Fox News guest already wants more patrolling in 'Muslim neighborhoods' after Capitol incident
Fox News contributor Bo Dietl appears on April 30, 2015.

Fox News contributor Bo Dietl quickly called for more scrutiny of American Muslims in the wake of Monday's incident at the Capitol Visitors Center, but insisted that he was not profiling practitioners of Islam.


"I don't talk about going into Muslim neighborhoods and putting an omnipresence there like Stormtroopers," Dietl said during a phone interview on Fox Business Channel. "What I talk about is having a lot more Muslim police officers -- uniform and plainclothes -- which can talk to people: 'What's going on?' 'You see something suspicious, I drive by, you call over [and] let me know.' You have to have that communication back and forth. That's the most important thing, is intelligence."

Dietl voiced his assumptions about the encounter and the suspect shortly before the would-be gunman was identified as 66-year-old Larry Dawson, who was "known to police" in the area after interrupting a House session last year by yelling that he was a "prophet of God."

"We have to realize one thing: we're facing this threat, complacency can't be setting in here. We have to be on guard all the time. The Capitol certainly is a target, same as New York City is," Dietl explained. "And part of my thing about the political correctness is, look, we've got very, very fine Muslim-American people that live in neighborhoods, that have great families, and their most important thing in life is to take care of their families."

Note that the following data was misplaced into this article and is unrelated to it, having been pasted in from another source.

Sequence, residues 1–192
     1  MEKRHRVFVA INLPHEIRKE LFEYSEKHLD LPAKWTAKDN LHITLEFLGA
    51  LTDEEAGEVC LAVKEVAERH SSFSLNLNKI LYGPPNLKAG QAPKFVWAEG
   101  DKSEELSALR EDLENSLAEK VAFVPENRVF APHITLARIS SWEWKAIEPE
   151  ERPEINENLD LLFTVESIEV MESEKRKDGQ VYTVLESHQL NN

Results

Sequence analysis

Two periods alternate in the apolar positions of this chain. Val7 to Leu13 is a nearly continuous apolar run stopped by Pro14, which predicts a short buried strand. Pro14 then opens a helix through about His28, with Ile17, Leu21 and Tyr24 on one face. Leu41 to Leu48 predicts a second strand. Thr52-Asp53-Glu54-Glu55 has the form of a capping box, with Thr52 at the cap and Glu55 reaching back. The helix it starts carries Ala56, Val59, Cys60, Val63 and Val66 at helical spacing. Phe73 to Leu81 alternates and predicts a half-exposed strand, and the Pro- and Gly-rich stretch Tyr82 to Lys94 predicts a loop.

He made similar remarks last November, when he urged authorities to "stop worrying about people's rights" and increase surveillance on Muslim neighborhoods, going so far as to claim that it led to the unraveling of several "plots," despite evidence and New York Police accounts to the contrary.

Current Commissioner Bill Bratton rejected a similar argument by Sen. Ted Cruz (R-TX) in an op-ed published over the weekend, stating, "We do not 'patrol and secure' neighborhoods based on selective enforcement because of race or religion, nor will we use the police and an occupying force to intimidate a populace or a religion to appease the provocative chatter of politicians seeking to exploit fear."

Listen to Dietl's remarks, as aired on Monday, below.